I have a problem trusting people - that is, with things that are very substantial and very high-risk. I'm not afraid that a friend will steal my car or anything. There are few for whom I would do something manifestly harmful on the assumption that, if they said it would result in good, then it would. But God? Forget about it. When I do, I do manifestly harmful things for His sake is if I'm sure it's He Who is asking (I am sure of this only very rarely, BTW - I don't go jumping off of things or taking up serpents or hearing voices), and because He is in charge, so, I'm supposed to.*
OF COURSE - and, believe me, I have always understood this - this is not the way a relationship with God is actually supposed to work. One is supposed to do things to please Him out of a sincere desire to make Him happy - out of love. I think you get moral credit for doing the right thing because you know it's the right thing, even if you have no enthusiasm for it whatsoever; but if you never have any enthusiasm for doing any good thing, I think that's a problem. St. Therese said that she could no longer suffer for penance because "even suffering is joy to me now." That doesn't mean I get to reject every cross that doesn't make me giddy. But it does indicate what a true trust in God makes of our crosses.

Later in the day on which I was pondering this, a thought tiptoed across my mind, just for a second: what if, instead of all the terribly, tragically inadequate things I could think of doing without children, God has planned for me something that I would love? Not out of obedience - because it's the right thing to train myself to like it because this is all I've got - but spontaneously and sincerely. For just one moment, I had an unspecific image of some future life that was joyful, that was really good for me and not in that take-your-medicine way, and for that moment I felt really happy. Then it vanished, and I was left wondering whether I was even making sense at all.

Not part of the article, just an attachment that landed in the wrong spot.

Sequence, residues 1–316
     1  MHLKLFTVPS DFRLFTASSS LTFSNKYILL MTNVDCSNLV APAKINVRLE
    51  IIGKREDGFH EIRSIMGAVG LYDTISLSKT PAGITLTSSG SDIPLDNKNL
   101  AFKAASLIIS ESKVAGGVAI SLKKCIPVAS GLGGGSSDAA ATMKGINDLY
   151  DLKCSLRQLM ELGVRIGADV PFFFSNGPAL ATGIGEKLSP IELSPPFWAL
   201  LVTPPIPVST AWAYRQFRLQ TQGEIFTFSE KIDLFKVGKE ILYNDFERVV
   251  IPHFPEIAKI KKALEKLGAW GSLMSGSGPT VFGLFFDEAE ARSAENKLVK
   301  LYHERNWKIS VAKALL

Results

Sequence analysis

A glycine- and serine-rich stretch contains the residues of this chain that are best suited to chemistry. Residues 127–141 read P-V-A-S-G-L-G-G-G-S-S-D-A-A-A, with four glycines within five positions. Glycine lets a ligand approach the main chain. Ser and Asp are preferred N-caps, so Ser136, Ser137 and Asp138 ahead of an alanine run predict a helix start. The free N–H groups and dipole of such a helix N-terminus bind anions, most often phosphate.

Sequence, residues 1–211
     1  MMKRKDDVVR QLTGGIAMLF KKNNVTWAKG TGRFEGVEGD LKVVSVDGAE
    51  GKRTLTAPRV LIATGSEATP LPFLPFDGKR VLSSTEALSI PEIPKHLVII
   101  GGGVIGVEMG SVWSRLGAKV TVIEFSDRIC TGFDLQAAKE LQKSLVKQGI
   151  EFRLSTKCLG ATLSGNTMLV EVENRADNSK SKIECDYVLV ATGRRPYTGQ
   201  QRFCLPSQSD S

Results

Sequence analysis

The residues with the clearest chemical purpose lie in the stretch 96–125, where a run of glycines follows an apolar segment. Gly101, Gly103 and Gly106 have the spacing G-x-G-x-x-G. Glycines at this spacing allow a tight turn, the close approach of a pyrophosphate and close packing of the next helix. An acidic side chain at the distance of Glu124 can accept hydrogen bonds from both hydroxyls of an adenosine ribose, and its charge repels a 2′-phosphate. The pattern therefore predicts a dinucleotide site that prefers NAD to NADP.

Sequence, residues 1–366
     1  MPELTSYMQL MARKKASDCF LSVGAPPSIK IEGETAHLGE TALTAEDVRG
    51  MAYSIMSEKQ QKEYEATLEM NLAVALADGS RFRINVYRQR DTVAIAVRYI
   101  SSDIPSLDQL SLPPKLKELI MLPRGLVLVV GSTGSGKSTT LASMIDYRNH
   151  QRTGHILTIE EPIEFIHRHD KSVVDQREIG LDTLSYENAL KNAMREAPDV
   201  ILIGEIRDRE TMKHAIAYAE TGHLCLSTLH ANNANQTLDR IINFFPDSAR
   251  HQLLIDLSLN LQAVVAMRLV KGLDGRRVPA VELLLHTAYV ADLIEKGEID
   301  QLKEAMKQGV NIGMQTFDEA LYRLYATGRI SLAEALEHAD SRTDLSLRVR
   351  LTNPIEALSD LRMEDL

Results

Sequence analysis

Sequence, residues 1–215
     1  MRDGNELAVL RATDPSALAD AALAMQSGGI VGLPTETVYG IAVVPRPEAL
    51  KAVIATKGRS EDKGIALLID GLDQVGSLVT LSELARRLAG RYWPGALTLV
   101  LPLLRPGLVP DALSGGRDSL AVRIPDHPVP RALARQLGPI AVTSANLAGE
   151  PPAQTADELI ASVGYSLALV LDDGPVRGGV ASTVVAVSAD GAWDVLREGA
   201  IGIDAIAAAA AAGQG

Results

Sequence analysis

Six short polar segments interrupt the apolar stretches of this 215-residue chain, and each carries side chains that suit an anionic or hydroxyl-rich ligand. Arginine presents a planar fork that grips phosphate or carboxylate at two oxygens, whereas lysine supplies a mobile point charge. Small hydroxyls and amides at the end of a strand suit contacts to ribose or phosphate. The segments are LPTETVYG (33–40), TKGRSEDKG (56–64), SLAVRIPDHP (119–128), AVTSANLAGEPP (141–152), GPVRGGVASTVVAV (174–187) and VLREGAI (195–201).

I have no idea, by the way. And even if I clarified that thought that I had, I don't know whether I'm healthy enough to achieve it. But it was an interesting thought. I will keep praying for trust, and try to get myself back to reading my daily prayer, which I have been conveniently forgetting far more than appropriate. Out of pique with God. Sigh. And I will wait, because that's what I do. Not patiently, but God can't have free-willed creatures and perfect ones too, and this is where I am.

I have to say, this corner of the internet is very patient with me and my aimless spiritual meanderings. Maybe soon I'll post about something happy. Like shoes.


*I recognize this appears to fly in the face of what I said earlier about my faith. I think this is the difference between intellect and temperament. I believe the truth of my faith, with the free assent of my will; I am convinced it's true. If I were not, I would go elsewhere for my principles. But as far as a personal relationship with God? Well, I think He's mean. I probably always have...because I'm cold-hearted myself. See?

3 comments:

  1. I appreciate your honesty. It's hard for me to add to what you've said, or to play devil's advocate, because I identify so closely with your words.

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  2. "God can't have free-willed creatures and perfect ones too."
    I think that sums it all up right there. Nobody is perfect. My grandfather was dying for 2 years, was in a lot of pain, and would say that he was glad for all of his suffering here on earth because what suffering he does not do on earth will be completed in purgatory.
    Now, I think that I would welcome physical pain at death over the pain of infertility. Infertility causes a mental anguish that is a different animal completely, I think.
    I don't know. Some people live their whole lives with very little pain and suffering, and still are very devout and godly people. Suffering is obviously not a pre-requisite for heaven, so why are some people required to endure it and not others?

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  3. Wow. This post just struck such a chord with me. Although I'm not Catholic (I'm Orthodox), what you said is so much the way I feel. I was hit so hard, blindsided, by another announcement today. And the things I thought were so similar to your thoughts. You just articulated them so much better than I ever could.

    One of my good friends, who also suffered through IF, told me a story one day. She said "I went through IF for years. Suffered, struggled and in a point of frustration, I said to a good friend, Father G. (an Orthodox priest) 'Why do I have to go through this?' and his response was 'God will tell you. You may be dead, but He will tell you why you're travelling this journey'."

    I know Father G myself, he's a cheeky bugger. :P But he's right. As frustrating as it is, we WILL find out, sometime. Just not sure when.

    Big hugs and lots of prayers.